Does anyone know of a product for a resin photoresist that
is exposed, then developed? I've googled many of the iron on kind,
but this just won't pick up the detail of a photograph.
Karen, the old standby, before the easy iron on products, was Kodak
KPR photoresist. It's a liquid. While liquid, stored in a brown
bottle, it's not expecially photo sensative (but don't store it out
in the sunlight.). You get your plates properly clean (water sheets
off, etc.), and dry. Coat the plates with the liquid, and hold then
vertically to drain, giving the thinnest possible layer. Do the
coating and drying, and subsequent handling, either in darkness, or
a standard red light photo safe light environment. Drying is speeded
with a drying box, which amounts to warm air from a hair dryer blown
into the box in which the plates are standing up on edge. After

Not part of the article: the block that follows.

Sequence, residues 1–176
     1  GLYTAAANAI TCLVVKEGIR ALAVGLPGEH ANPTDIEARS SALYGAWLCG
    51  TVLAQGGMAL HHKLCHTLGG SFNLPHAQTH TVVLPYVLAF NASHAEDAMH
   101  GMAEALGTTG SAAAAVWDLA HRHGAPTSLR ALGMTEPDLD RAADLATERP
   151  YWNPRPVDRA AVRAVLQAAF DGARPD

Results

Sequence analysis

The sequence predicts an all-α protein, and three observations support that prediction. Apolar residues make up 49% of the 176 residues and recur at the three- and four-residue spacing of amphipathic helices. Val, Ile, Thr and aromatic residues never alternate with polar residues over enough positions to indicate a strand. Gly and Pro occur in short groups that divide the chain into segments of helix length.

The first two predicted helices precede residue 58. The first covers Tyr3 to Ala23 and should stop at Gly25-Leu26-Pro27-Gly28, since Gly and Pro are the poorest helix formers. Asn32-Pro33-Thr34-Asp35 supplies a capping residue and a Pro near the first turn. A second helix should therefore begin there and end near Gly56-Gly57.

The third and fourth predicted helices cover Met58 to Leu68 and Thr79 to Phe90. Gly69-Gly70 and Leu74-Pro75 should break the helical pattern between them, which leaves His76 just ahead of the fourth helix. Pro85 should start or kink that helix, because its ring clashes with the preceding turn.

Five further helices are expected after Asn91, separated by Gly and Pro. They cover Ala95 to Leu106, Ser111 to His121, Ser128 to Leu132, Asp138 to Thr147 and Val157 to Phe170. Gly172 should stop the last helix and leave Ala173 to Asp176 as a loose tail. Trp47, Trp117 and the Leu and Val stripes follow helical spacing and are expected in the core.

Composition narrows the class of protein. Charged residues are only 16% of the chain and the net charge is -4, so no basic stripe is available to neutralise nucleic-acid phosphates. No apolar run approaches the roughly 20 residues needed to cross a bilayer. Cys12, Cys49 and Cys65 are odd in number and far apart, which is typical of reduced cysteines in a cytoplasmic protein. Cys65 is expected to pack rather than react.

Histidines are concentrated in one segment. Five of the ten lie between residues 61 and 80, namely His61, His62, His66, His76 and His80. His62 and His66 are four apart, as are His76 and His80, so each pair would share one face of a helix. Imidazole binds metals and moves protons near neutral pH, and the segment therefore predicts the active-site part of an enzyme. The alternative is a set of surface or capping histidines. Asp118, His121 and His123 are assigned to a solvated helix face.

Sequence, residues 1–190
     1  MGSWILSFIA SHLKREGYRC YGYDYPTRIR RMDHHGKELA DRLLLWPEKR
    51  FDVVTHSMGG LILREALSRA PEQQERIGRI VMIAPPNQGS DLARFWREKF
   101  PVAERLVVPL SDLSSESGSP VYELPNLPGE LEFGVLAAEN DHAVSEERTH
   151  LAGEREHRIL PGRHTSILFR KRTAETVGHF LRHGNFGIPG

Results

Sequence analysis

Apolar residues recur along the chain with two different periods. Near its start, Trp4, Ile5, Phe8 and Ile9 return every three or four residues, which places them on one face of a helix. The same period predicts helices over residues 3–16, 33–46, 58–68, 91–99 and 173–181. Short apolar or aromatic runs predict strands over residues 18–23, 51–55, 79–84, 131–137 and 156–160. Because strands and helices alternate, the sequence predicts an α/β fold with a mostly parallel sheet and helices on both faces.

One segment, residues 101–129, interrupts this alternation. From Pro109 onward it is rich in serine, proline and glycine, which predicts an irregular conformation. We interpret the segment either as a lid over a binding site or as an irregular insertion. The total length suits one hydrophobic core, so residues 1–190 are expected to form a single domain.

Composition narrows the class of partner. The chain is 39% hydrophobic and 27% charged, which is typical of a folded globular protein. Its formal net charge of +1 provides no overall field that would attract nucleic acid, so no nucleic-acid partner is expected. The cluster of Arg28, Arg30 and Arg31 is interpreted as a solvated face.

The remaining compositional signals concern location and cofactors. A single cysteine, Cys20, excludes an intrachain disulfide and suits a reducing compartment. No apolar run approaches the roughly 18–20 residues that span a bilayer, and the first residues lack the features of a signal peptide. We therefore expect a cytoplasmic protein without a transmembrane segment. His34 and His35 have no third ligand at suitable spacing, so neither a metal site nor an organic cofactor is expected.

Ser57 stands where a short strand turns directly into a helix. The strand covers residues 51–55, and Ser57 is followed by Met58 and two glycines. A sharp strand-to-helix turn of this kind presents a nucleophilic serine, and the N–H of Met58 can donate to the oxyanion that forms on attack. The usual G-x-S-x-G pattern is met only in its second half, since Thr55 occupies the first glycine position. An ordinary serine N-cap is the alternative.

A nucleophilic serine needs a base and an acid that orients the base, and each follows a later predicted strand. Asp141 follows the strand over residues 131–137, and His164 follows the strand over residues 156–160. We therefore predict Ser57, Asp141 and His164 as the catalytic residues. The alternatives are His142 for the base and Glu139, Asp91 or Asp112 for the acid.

drying, handle only in darkness or subdued red safelight
conditions. Place your hight contast negative emulsion down to the
plate, and clamp in an exposure frame for exposure. Traditionally,
exposing is done in commercial units using arc lamps, but sun lamps,
or even sun light will work. You'll have to figure out exposure
times by trial and error if not using commercial exposure setups.
Then, in the red safelight environment again, develop the plates with
Kodak KPR developer, or another compatible developer (there are
several), allow the developed and washed plates to again dry, to
harden the resist layer, and you're ready to etch. Done well, this
material is capable of holding microscopic details (Not sure if it is
still used in semiconductor manufacture, but at one time, it was.
Certainly, you can do plates that will print a high resolution
halftone image with ease.)
I last used this stuff in grad school, in the late 80s, so I cannot
help you with a current source, and it's not likely to be a local
camera supply store item. Might be in a commercial graphic arts
place, and certainly is still available from the sorts of
commercial/industrial suppliers that would carry such things.
Whether you can find that just on the web, I don't know, since it's
not generally a consumer level item. You might try the Thomas
Register site, or just call Kodak to find a distributor near you.